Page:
David E. Manolopoulos


Born December 14, 1961 in Gillingham, UK.

Professor of Theoretical Chemistry, University of Oxford, UK.


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Fellow of the Royal Society (2011). Miller Visiting Professor, University of California at Berkeley (2012). Annual Prize of the International Academy of Quantum Molecular Science (2000). Royal Society of Chemistry Medals: Marlow (1995), Corday-Morgan (1997), Chemical Dynamics (2009).

Author of:

An Atlas of Fullerenes (with P.W.Fowler; Oxford University Press 1995, Dover Publications 2006), and numerous papers on chemical physics and theoretical chemistry.

Important Contributions:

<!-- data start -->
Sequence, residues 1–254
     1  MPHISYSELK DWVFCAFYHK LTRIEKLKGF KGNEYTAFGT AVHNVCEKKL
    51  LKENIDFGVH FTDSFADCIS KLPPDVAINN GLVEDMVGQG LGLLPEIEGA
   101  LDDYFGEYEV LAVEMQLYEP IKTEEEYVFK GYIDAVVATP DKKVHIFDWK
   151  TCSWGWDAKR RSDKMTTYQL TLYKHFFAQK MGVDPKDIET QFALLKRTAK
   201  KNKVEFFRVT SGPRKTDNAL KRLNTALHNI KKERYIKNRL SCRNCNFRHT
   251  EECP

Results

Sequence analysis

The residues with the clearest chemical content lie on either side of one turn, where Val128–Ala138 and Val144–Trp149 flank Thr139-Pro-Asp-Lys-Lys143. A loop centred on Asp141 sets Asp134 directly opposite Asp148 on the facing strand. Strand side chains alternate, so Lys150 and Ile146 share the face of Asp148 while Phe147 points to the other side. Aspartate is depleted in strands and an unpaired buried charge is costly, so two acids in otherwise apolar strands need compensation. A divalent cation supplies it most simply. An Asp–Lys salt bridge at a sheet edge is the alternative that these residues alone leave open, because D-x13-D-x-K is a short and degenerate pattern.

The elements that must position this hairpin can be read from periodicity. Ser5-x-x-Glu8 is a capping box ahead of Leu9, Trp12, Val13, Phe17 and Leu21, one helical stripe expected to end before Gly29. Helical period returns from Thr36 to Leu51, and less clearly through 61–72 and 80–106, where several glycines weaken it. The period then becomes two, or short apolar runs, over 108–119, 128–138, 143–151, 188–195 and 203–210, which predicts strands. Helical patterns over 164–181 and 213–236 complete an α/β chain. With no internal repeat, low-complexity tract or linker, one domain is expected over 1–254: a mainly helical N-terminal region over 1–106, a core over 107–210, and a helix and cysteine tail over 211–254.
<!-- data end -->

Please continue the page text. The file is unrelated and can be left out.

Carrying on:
• David Manolopoulos has made contributions to a wide variety of areas in theoretical chemistry. His spiral algorithm for generating carbon clusters underlies the IUPAC classification of fullerene isomers and has led to numerous experimentally-confirmed predictions of the structures and properties of higher fullerenes. The Atlas of Fullerenes that he wrote with Patrick Fowler in 1995 is now the standard reference for work in this field. His quantum mechanical calculations in chemical reaction dynamics have explained a number of important experimental results and led to an improved understanding of reactive transition states, the role of resonances in hydrogen atom transfer reactions, the statistical nature of insertion reactions that proceed via deep potential energy wells, the importance of electronically non-adiabatic effects in chemical reaction dynamics, and the effect of long-range forces on chemical reactions. The numerical methods and computer programs that he developed to perform these calculations are still widely used by the gas phase chemical reaction dynamics community and by those interested in cold and ultra-cold atomic and molecular collisions. His more recent work on condensed phase dynamics shows great promise for elucidating quantum mechanical effects in liquids and in light-atom transfer reactions in chemical and biochemical systems. His ring polymer molecular dynamics (RPMD) method is rapidly emerging as an effective tool for simulating a wide variety of processes ranging from polyatomic chemical reactions in the gas phase through the dynamics of liquid water and aqueous solutions to enzyme-catalysed hydride, proton, and proton-coupled electron transfer reactions.